The “roadmap to a lasting ceasefire” presented by Joe Biden on Friday, May 31, has relaunched the laborious process of negotiations aimed at ending the fighting in Gaza and freeing the Israeli hostages held in the enclave. The signal for the resumption of these negotiations, which had been at a standstill since the Israeli army entered Rafah at the beginning of May, was given by the return to Doha on June 5 of William Burns, the head of the CIA.

The American president’s plan for ending the crisis, which was deemed “positive” by Hamas but more coolly received by Israel, provides for a return to calm in three phases. The first includes a six-week ceasefire, accompanied by an Israeli withdrawal from urban areas of Gaza and the release of certain hostages (women, children and the elderly), in exchange for Palestinian prisoners held by Israel.

The disagreement between the two belligerents mainly concerns the second phase, which is intended to put an end to hostilities, lead to the complete withdrawal of Israeli troops from the enclave and the return of the last hostages. The third phase concerns the reconstruction of Gaza.

Hamas is demanding guarantees that the Israeli offensive will not resume as soon as it has freed the Israeli captives. Israeli Prime Minister Benjamin Netanyahu is afraid of tying his hands. Formalizing the end of the war would expose him to attacks from the ultranationalist wing of his government, which dreams of recolonizing Palestinian territory. It is up to the three mediators in the crisis – the United States, Qatar and Egypt – to find the right terms and pass on the messages likely to satisfy the hardly compatible demands of the two warring parties. Le Monde unpacks this complex five-player game, profiling the key figures in the negotiations.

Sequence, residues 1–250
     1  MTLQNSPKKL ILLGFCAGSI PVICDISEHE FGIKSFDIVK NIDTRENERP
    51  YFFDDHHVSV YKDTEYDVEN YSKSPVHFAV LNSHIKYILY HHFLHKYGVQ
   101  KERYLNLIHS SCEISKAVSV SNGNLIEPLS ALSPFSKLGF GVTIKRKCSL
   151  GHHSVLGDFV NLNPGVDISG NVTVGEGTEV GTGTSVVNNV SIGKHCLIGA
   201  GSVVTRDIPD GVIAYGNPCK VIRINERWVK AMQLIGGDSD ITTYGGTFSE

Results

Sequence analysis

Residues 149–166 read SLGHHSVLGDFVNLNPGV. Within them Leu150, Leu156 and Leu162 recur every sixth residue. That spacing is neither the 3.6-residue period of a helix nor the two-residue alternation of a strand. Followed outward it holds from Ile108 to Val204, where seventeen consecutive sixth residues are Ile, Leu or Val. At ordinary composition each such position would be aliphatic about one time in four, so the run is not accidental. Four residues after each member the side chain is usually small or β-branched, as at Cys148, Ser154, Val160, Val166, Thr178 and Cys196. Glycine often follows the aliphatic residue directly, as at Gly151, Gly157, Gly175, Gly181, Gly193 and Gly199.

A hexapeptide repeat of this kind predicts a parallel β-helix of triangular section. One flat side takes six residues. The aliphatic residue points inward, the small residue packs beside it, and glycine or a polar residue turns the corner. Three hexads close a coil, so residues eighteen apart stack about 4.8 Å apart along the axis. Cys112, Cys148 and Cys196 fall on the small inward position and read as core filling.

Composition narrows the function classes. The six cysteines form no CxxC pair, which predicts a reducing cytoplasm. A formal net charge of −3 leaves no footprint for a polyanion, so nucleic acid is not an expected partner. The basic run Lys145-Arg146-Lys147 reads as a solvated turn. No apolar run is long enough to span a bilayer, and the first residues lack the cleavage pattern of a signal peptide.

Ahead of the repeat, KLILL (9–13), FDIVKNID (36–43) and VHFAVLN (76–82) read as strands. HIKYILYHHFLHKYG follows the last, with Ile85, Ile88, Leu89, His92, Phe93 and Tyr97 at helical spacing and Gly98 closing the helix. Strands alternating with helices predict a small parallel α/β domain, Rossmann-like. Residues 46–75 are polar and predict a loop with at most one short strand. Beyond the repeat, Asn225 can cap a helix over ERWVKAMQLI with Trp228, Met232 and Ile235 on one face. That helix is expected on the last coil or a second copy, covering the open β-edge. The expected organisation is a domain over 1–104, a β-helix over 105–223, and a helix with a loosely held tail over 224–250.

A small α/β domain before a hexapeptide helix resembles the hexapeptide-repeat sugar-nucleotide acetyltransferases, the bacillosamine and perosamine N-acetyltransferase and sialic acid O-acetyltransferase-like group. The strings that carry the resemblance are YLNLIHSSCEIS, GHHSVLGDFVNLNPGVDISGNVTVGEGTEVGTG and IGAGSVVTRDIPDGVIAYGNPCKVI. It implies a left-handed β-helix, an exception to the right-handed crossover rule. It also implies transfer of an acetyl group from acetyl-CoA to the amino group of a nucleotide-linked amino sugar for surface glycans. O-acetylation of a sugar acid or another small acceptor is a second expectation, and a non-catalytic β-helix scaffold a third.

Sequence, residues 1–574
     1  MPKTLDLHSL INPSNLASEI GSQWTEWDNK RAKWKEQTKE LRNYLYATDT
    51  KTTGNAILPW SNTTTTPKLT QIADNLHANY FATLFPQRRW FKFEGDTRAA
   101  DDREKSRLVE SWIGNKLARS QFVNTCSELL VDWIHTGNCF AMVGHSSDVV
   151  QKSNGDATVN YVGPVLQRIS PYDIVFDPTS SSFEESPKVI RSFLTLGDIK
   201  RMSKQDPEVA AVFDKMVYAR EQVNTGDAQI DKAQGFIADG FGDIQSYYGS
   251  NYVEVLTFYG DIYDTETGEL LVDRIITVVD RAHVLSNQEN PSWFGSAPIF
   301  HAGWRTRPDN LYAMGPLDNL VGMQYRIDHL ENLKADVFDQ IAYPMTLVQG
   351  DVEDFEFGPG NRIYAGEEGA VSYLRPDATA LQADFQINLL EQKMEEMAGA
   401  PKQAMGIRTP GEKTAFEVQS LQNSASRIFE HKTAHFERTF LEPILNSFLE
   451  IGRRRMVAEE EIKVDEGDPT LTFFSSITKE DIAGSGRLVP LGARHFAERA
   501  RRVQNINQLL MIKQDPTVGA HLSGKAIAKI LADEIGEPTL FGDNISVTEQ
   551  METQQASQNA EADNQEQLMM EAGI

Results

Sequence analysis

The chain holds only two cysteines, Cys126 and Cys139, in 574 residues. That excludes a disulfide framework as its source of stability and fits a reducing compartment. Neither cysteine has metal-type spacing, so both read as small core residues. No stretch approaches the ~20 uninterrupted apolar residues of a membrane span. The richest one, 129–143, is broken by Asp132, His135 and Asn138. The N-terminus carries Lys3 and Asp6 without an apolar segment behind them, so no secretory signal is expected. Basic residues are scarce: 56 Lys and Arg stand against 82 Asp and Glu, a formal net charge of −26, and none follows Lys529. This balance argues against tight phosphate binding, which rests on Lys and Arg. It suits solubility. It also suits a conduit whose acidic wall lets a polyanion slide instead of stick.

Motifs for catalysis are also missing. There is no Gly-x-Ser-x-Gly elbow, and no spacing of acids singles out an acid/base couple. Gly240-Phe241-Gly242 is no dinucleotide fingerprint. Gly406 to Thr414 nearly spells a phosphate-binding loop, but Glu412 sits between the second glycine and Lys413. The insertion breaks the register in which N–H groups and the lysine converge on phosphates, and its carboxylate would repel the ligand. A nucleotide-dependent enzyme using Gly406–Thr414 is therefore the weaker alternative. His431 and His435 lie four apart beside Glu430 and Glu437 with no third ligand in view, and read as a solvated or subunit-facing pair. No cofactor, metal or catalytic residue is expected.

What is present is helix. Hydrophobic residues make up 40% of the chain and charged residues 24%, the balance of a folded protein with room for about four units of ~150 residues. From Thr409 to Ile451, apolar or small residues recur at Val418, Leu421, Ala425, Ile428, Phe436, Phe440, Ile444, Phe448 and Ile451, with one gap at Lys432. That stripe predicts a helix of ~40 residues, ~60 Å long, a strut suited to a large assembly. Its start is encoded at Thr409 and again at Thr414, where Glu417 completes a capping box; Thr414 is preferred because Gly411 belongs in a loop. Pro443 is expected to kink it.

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Mossad chief David Barnea at the Mount Herzl military cemetery in Jerusalem on May 13, 2024.

David Barnea, Israel’s master spy

In these negotiations, David Barnea, the director of the Mossad, has the difficult task of carrying the word of a deeply divided government. Alongside Major General Nitzan Alon, in charge of hostages and missing persons, and intelligence chief Ronen Bar, he is leading a team that, according to several sources close to the negotiators, is becoming less and less willing to conceal its “immense frustration.” They are faced with Hamas’ inflexibility, of course, but also, and above all, with Netanyahu. The same sources suspect the Israeli prime minister of “sabotaging” their efforts, in order to “prolong the war” and keep himself in power, while satisfying his far-right allies, who are campaigning for the ethnic cleansing of Gaza.

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